The Raiders formally introduced Sapp at a press conference that also aired on ESPNnews Monday two days after signing a seven-year, $36.6 million dollar contract. Sapp spent nine seasons with the Tampa Bay Buccaneers.
"I'm just sitting here and thinking, it's been nine years since I've had to talk about a team other than the one I just left," Sapp said. "It's refreshing more than anything. The big, bad Silver & Black and Warren Sapp coming together has got to be a marriage made in heaven. Let's see if we can get this place back to winning. The Raiders are back and I'm going to have something to do with it."
Sapp passed his physical on Sunday. Sapp leaves the only pro team he has played for two sacks shy of the franchise record of 78 1/2 held by Hall of Famer Lee Roy Selmon. Before free agency opened, he said he believes he can continue to play at a high level for four more years. The Bucs, however, felt a little differently. Sapp recorded 16 ½ sacks in 2000 but 18 ½ combined over the last three seasons.
When asked of whether or not the Bucs offered to keep him, Sapp said, "I'd say no, because I never got an offer. That's the only way you can get a player signed is to make an offer. I never got that."
Sapp continued: "I haven't fallen off the face of the Earth. I think this coaching staff understands that I can still play this game. That's why I'm here."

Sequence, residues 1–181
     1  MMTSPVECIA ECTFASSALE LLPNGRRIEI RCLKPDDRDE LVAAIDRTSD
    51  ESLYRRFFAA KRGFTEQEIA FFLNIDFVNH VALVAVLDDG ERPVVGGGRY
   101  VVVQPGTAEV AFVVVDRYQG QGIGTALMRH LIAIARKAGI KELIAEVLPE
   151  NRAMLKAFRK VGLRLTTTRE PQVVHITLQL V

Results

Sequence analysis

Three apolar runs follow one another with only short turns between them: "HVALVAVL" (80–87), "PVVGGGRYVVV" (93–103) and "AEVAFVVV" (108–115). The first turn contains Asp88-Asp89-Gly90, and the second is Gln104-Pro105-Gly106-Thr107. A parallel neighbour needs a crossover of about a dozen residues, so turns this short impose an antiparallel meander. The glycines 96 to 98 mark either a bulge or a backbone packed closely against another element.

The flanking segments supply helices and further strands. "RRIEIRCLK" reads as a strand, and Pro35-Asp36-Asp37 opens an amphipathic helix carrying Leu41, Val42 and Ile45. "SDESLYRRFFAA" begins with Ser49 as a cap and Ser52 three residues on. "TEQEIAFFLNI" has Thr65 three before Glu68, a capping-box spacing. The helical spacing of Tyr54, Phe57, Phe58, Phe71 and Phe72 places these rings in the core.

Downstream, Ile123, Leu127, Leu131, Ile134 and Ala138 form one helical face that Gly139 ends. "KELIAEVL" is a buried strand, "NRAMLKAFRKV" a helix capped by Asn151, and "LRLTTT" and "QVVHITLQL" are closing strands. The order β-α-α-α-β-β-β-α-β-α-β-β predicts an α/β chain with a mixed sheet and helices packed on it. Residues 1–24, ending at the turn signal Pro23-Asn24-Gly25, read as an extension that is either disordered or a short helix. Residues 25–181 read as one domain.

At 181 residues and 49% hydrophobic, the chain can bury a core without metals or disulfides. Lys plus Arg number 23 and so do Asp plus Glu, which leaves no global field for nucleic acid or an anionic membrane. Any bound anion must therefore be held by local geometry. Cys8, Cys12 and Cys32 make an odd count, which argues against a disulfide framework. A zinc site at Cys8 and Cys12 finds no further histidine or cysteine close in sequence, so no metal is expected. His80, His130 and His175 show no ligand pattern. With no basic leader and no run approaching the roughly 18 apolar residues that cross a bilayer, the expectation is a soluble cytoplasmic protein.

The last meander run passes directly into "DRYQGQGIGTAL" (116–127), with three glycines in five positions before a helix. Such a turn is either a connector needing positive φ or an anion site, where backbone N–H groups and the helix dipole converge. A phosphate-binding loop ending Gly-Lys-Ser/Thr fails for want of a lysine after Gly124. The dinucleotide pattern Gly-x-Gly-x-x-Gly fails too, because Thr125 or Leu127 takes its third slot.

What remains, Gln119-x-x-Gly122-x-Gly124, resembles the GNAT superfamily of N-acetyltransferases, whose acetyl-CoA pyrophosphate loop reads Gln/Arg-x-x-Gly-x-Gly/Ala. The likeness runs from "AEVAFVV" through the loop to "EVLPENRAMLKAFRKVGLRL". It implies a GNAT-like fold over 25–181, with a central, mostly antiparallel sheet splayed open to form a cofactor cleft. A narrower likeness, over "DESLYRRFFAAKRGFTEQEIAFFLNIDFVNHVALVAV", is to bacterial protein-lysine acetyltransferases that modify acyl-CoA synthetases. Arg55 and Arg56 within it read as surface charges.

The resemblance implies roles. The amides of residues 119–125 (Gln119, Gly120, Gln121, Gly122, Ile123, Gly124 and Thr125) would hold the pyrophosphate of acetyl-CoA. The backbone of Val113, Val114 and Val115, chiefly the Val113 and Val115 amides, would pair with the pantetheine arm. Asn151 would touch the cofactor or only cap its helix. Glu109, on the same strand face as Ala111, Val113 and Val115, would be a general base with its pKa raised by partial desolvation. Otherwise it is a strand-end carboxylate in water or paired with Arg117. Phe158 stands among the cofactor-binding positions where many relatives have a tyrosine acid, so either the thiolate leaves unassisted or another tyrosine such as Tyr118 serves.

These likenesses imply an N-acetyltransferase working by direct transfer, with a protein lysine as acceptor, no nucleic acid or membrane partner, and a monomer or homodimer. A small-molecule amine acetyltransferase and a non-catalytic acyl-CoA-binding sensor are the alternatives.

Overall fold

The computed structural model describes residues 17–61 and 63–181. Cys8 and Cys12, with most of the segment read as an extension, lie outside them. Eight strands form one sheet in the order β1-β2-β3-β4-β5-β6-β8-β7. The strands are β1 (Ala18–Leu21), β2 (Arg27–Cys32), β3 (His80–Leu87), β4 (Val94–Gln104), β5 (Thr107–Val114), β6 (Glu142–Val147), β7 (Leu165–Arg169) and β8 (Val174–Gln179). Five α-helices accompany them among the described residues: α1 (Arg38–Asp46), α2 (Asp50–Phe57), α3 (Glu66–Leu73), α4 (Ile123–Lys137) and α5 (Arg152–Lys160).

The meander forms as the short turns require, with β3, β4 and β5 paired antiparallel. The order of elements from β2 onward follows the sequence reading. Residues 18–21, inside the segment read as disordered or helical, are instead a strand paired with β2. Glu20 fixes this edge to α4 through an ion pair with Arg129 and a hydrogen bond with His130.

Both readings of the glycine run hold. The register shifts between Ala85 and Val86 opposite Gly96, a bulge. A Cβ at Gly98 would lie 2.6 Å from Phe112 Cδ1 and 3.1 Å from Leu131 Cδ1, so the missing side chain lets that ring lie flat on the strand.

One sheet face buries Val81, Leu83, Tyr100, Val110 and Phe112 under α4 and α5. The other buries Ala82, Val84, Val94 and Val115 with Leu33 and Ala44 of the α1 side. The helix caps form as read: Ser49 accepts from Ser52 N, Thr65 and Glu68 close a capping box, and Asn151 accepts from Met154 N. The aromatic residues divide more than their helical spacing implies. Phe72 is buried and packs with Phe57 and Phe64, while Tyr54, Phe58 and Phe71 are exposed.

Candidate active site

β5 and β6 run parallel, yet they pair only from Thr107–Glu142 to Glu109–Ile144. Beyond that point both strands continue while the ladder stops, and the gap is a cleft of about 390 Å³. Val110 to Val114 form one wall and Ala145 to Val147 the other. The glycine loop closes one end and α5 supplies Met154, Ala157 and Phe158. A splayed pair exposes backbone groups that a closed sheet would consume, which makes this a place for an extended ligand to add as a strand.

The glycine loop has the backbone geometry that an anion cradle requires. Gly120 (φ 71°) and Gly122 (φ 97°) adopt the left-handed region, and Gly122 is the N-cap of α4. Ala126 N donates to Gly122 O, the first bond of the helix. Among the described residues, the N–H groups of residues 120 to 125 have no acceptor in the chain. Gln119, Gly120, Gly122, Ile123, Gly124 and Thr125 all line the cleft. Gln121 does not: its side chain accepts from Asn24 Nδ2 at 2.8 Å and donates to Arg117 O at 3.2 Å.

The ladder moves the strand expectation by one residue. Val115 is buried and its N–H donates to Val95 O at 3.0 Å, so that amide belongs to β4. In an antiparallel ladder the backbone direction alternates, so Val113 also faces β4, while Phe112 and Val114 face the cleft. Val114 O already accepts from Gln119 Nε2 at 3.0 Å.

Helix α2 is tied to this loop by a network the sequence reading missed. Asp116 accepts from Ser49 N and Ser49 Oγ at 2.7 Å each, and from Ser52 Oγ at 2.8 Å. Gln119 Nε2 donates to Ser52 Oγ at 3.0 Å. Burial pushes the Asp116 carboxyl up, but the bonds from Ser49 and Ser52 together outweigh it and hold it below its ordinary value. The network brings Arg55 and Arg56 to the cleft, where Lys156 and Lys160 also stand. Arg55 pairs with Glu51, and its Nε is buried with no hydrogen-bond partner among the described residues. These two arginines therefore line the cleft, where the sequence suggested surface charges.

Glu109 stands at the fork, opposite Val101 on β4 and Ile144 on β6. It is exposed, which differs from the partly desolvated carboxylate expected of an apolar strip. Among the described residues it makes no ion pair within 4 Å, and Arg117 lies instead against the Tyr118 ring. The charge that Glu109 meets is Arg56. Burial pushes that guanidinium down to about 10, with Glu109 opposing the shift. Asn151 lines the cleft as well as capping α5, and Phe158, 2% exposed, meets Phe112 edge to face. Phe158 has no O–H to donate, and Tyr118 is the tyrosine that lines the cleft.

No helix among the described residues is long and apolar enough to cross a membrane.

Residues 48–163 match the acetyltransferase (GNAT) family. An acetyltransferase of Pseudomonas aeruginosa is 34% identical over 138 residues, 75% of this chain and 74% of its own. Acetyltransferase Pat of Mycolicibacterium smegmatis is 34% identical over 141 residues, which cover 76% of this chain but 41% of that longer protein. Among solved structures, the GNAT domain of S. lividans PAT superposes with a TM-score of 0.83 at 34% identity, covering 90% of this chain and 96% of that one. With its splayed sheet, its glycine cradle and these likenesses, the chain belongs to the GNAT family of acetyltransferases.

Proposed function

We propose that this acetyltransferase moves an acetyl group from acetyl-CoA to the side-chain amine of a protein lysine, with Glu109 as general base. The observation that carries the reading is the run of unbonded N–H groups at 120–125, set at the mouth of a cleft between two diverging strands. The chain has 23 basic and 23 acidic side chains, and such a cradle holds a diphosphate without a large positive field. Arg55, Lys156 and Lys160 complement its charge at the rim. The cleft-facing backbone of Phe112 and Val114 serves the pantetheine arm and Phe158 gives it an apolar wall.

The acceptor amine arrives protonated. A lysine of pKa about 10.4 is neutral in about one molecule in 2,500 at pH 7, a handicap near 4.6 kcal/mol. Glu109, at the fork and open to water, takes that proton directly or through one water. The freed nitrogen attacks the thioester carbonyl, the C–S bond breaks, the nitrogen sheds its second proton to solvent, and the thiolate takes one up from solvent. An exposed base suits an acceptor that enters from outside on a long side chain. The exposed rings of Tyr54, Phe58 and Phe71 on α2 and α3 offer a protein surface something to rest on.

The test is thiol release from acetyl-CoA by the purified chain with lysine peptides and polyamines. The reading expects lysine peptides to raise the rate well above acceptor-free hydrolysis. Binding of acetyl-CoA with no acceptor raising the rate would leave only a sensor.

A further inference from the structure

Sapp becomes the second Pro Bowl defensive tackle to sign with the Raiders this offseason. Ted Washington signed a $14 million, four-year contract earlier this month. Washington helped lead the New England Patriots to a Super Bowl title last season. The Raiders are counting on Sapp to improve their run defense, which ranked last in the league in 2003. Oakland, which finished 4-12 only one year after reaching the Super Bowl, gave up 156.9 yards per game on the ground.
"Anyone who doesn't understand the significance of this signing for the raiders has never had to gameplan against Warren Sapp," Raiders first-year head coach Norv Turner said. "Our lineman came up to me and said, ‘Wow, that's big. The only bad part is we have to practice against him everyday.' The thing that Warren brings that people don't see is that he has great passion, great enthusiasm, he loves to play the game. He knows how to win. All of those things he brings with him are contagious."
Sapp was rumored to be joining the Cincinnati Bengals as recently as Saturday before the Raiders entered the picture.
"We were real close," Sapp said. "It was just one of those deals that we didn't feel good about. I woke up the next morning and Al Davis was on the line. That brought a smile to my face. At the end of the day I was a Raider."
Sapp, who was a first round draft puck from Miami in 1995, helped turn the Buccaneers from a perennial sad sack into a Super Bowl contender. Tampa thumped the Raiders 48-21 in Super Bowl XXXVI.
"I built the doormat into a dynasty," Sapp said. "There's no ill will for me."